Microinstruction 120 when executed loads the contents of the AG register 206-88 into the AF register 206-12 while microinstruction 121 causes the further transfer of the address from the AF register 206-12 into UN register 202-54. Also, the address register of the LSM is set to address location 30. Microinstruction 122 causes the base value of the I/O tables to be loaded into adder 202-50 from working location UW5 of URF 202-20. The resulting address which corresponds to location 778 is forwarded to the main store along with memory signal MMGOP. During the same cycle, the RWC entry from location 30 is loaded into AC register 206-3.
As mentioned previously, location 778 of the RWC table contains the RWC busy status of the target system of the program being processed. As indicated in FIG. 6, the low order bits of location 778 store values indicating the current busy status of all target system RWC's and these bits correspond to the RWC busy mask field of FIG. 7a being emulated. In contrast, the RWC busy mask field of the RWC entry represents the particular RWCs that this particular instruction desires to use to execute the particular I/O operation. The firmware using these two values tests whether the I/O operation could have been executed on the particular target system. As FIG. 8b indicates, this test is carried out by performing a logical AND of the low order 16 bits from the RWC table entry (RWC busy mask) for the RWC code and the comparable 16 bits fetched from location 778 of the I/O table. It then tests if the result of the logical AND is zero. If it is zero, this means that the particular operation can be performed and the processing proceeds.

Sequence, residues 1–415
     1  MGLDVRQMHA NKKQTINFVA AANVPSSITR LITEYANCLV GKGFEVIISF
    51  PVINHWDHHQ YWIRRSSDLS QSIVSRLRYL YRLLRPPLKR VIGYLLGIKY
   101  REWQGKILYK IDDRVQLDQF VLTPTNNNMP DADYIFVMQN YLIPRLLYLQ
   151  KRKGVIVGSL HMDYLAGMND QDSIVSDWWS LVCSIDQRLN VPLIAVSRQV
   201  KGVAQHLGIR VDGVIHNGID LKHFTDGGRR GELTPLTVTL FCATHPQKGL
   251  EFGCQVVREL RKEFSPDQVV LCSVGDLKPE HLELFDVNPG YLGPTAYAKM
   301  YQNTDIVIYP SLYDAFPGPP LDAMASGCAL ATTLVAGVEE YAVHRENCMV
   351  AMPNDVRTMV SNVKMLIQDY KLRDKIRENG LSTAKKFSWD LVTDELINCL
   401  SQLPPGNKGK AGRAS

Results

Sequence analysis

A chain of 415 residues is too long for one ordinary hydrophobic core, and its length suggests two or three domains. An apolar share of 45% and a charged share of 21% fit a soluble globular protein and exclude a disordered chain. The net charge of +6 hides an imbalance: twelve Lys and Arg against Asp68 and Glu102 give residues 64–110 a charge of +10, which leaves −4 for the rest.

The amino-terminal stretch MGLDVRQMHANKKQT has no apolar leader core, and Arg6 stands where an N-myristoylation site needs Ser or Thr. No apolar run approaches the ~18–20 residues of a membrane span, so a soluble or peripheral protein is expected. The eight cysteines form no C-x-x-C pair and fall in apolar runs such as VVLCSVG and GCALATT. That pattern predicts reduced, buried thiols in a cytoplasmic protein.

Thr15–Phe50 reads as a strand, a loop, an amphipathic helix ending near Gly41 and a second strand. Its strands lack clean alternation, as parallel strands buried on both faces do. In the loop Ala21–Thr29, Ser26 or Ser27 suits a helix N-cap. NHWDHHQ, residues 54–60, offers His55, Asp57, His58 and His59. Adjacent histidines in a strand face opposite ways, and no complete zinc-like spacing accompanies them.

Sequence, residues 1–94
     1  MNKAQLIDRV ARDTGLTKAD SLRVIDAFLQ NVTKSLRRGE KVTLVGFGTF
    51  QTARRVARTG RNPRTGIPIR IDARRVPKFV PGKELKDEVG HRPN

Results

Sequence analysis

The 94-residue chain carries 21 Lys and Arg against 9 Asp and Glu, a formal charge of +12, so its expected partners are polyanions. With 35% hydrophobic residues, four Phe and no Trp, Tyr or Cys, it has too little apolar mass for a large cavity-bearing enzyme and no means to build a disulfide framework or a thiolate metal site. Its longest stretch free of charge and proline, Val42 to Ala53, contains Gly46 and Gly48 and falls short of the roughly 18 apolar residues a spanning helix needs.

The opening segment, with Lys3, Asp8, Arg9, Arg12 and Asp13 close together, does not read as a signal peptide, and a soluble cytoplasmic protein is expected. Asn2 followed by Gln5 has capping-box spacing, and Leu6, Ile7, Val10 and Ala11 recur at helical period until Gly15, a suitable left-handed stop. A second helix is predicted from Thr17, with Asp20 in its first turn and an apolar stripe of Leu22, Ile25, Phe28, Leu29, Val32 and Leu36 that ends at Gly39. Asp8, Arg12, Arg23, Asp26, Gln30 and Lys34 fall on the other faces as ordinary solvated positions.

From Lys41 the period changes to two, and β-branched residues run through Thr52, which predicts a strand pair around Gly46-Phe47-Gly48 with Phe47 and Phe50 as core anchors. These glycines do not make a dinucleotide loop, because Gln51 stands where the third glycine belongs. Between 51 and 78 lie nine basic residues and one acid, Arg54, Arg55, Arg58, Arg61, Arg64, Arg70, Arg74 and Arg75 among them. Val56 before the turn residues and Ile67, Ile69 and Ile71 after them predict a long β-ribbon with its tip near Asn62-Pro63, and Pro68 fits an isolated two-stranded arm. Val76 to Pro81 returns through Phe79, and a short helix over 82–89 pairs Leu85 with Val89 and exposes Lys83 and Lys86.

With reference to FIG. 9a, it will be seen that microinstructions 123 through 129 are used to accomplish the above test. Microinstruction 123 clears bit positions 0 through 15 of the AC register 206-3 and sets the word adder 206-1 to perform a logical product operation. Microinstruction 124 when executed causes the AC register contents to be transferred to AD register 206-5 which allows the status information fetched from location 778 to be loaded into AC register 206-3 from DN register 202-1 of FIG. 1c. Again bit positions 0 through 15 are cleared to zeros and the result produced by the word adder 206-1 is loaded into AC register 206-3 and the test circuits of the control store test the output of the adder for zero in response to microinstruction 129.